The Thing (1982) – Film Review

One of John Carpenter’s many horror classics, and one of my all-time favourites. ‘The Thing’ is a violent, eerie and creative sci-fi body horror icon. I personally this is one of Carpenter’s best films, as the film always uses isolation and paranoia to it’s best extent, never failing to keep you on edge and invested throughout the entirety of it’s story and run-time.

The story focuses on a research team in Antarctica when they discover a lost dog traveling across the snowy plains, only to soon find themselves hunted by a deadly shape-shifting alien that assumes the appearance of it’s unfortunate victims.

With the film actually being a remake of the classic: ‘The Thing from Another World’ from 1957, I would actually say this is one of the rare times that a remake is better than the original. Very similar to film’s such as: ‘Alien’ or ‘The Fly’, ‘The Thing’ also has a slow beginning, using it’s opening to build tension and character before the film descends into the gory chaos.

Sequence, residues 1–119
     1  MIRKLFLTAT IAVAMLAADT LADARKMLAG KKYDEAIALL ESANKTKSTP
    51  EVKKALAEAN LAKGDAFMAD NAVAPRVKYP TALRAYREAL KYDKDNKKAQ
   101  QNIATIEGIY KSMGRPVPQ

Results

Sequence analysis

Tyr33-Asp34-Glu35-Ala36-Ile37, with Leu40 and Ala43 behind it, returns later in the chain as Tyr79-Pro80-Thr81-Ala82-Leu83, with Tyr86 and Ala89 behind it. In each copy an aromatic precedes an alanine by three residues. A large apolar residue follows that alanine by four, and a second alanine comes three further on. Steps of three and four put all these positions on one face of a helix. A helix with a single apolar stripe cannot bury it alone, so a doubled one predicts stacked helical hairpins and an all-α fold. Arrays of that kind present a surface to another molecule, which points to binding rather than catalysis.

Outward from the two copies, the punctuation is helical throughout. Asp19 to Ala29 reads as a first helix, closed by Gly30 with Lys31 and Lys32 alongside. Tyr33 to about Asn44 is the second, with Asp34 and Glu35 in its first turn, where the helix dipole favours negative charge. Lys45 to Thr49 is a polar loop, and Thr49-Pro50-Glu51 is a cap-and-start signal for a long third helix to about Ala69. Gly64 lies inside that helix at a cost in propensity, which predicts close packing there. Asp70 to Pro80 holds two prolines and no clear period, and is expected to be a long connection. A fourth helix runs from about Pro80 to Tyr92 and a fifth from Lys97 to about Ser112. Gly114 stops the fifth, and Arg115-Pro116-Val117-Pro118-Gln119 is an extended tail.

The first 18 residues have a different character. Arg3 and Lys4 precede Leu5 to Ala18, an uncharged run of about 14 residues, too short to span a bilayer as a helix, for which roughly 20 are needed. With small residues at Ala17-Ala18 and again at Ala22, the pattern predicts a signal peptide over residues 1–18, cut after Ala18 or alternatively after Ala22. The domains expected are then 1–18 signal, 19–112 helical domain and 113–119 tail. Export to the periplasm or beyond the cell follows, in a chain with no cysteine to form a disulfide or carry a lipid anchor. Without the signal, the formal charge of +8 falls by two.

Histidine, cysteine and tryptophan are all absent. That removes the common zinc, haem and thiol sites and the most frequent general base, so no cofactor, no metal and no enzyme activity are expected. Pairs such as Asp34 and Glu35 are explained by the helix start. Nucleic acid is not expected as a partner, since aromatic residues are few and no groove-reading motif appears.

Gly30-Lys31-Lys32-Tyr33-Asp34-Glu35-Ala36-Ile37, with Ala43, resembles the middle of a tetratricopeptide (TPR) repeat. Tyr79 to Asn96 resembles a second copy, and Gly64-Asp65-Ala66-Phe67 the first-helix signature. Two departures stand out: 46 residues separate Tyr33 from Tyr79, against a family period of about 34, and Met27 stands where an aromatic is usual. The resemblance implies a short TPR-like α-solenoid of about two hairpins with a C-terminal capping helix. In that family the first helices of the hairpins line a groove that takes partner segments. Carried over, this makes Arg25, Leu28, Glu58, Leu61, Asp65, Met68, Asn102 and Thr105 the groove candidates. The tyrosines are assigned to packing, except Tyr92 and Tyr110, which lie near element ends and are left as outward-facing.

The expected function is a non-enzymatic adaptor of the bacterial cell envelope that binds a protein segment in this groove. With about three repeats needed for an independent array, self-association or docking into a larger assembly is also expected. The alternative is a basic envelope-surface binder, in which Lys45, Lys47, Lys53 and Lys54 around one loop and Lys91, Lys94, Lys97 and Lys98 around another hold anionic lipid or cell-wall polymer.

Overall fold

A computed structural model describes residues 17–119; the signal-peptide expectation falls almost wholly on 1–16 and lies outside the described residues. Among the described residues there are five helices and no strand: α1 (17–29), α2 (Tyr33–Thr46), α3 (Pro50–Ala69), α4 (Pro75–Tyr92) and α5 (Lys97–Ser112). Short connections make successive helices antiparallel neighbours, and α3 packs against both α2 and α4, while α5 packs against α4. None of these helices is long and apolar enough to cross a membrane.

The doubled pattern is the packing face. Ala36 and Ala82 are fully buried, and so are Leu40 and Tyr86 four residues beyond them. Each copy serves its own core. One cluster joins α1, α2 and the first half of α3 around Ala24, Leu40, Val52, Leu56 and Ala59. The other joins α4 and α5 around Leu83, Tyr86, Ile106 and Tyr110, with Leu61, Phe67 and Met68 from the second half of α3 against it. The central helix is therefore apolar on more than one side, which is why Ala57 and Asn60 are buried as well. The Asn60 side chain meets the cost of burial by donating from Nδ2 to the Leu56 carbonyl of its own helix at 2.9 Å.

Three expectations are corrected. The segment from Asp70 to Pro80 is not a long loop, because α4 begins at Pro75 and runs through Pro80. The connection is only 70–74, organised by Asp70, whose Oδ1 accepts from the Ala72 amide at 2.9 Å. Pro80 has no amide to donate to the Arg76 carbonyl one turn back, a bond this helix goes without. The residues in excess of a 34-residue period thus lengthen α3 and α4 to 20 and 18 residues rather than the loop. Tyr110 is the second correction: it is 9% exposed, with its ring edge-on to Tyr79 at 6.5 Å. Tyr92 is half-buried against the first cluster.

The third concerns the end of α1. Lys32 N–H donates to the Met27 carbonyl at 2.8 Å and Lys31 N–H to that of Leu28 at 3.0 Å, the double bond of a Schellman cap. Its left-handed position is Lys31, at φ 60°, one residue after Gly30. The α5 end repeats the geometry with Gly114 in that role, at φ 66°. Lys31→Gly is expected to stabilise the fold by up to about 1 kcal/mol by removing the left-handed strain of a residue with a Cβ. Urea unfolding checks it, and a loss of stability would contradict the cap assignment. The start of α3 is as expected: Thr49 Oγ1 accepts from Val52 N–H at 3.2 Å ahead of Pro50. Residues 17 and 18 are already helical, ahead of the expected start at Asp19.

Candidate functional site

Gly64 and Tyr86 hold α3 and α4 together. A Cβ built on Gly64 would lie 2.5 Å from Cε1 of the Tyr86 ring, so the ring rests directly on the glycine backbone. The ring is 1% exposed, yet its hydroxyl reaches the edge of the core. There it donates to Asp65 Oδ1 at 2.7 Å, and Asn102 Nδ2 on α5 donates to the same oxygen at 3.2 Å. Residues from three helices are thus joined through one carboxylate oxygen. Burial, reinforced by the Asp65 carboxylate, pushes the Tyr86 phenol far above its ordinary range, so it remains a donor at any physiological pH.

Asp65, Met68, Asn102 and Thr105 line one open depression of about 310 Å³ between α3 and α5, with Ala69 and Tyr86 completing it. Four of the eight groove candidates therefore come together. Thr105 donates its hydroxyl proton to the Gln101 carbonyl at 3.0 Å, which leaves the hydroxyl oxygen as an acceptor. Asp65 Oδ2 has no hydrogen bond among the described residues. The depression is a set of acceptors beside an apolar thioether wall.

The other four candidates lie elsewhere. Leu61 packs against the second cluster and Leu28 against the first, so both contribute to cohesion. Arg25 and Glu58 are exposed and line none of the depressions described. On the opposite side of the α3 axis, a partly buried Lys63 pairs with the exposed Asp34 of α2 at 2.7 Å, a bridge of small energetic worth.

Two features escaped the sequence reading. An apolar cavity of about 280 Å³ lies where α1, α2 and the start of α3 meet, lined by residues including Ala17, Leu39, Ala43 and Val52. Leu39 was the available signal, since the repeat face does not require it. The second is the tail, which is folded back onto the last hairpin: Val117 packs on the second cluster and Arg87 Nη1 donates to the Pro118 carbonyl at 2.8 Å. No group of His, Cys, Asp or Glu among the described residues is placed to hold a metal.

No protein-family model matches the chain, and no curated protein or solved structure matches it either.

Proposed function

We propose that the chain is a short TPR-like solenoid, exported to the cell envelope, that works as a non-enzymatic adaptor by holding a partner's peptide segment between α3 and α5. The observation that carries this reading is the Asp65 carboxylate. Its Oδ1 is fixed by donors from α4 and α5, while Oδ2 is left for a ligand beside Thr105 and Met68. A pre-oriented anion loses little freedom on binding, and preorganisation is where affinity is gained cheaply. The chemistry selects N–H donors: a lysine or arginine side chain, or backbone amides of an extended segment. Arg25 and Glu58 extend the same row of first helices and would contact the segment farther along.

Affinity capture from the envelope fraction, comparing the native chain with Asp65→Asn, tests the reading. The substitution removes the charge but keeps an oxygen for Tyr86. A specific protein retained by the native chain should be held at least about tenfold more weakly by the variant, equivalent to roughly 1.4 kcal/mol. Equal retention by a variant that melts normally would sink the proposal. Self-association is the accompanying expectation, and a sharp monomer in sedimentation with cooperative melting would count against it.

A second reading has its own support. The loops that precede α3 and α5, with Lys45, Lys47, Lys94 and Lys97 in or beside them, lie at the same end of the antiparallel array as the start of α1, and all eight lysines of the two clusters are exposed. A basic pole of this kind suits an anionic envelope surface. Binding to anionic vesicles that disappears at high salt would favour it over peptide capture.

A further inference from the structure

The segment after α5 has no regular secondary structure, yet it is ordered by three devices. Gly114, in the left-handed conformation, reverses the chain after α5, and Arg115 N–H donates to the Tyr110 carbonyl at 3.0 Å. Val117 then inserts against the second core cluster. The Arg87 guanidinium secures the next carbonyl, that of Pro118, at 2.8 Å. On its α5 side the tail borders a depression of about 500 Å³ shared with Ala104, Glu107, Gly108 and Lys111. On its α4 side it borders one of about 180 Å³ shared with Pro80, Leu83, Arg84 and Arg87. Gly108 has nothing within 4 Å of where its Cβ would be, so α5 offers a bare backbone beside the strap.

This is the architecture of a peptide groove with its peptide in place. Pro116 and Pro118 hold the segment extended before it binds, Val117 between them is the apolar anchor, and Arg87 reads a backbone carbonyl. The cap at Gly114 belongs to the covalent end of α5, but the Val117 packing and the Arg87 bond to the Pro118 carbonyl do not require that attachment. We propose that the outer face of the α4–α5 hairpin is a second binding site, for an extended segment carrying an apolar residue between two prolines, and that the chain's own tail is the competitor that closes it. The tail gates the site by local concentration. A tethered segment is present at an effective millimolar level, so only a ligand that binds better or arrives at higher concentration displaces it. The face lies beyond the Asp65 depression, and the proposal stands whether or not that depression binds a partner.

Kurt Russell, Keith David, Wilford Brimley, David Clennon and the rest of the cast are all decent, while Kurt Russel’s character: ‘MacReady’ is easily my favourite simply due to his charisma, non of the cast are terrible by any means. However, I do feel there are too many characters within the story, as it can get confusing at many points as to which character is wrapped up within their large fluffy coats. I understand we need a high-body count for a film like this (which is the reason for the lack of development for many of the characters) but I simply just find it a little too easy to get lost at points.

As the film takes place in an extremely isolated location and features a creature that can morph into any character, the film never fails to keep the viewer on constant edge. Alongside the setting, one of the best elements of the film is the paranoia the film builds up. As any of the characters could be infected with the creature, we never known who is going to be the unfortunate victim, and who is the killer. John Carpenter didn’t even tell the actors on whilst set during filming.

All of the creature effects throughout the film are completely practical, giving the amazing creature designs true life by many of them being puppets or costumes rather than CGI like most modern-day films. These effects truly create some very memorable scenes, as make-up artist Rob Bottin (Robocop, Innerspace, Total Recall), truly did some of his best work on ‘The Thing’. The cinematography by Dean Cundey is decent but nothing amazing, placing more of an emphasis on the practical effects. However, many of the still camera shots due help with the building of tension and isolation of the location.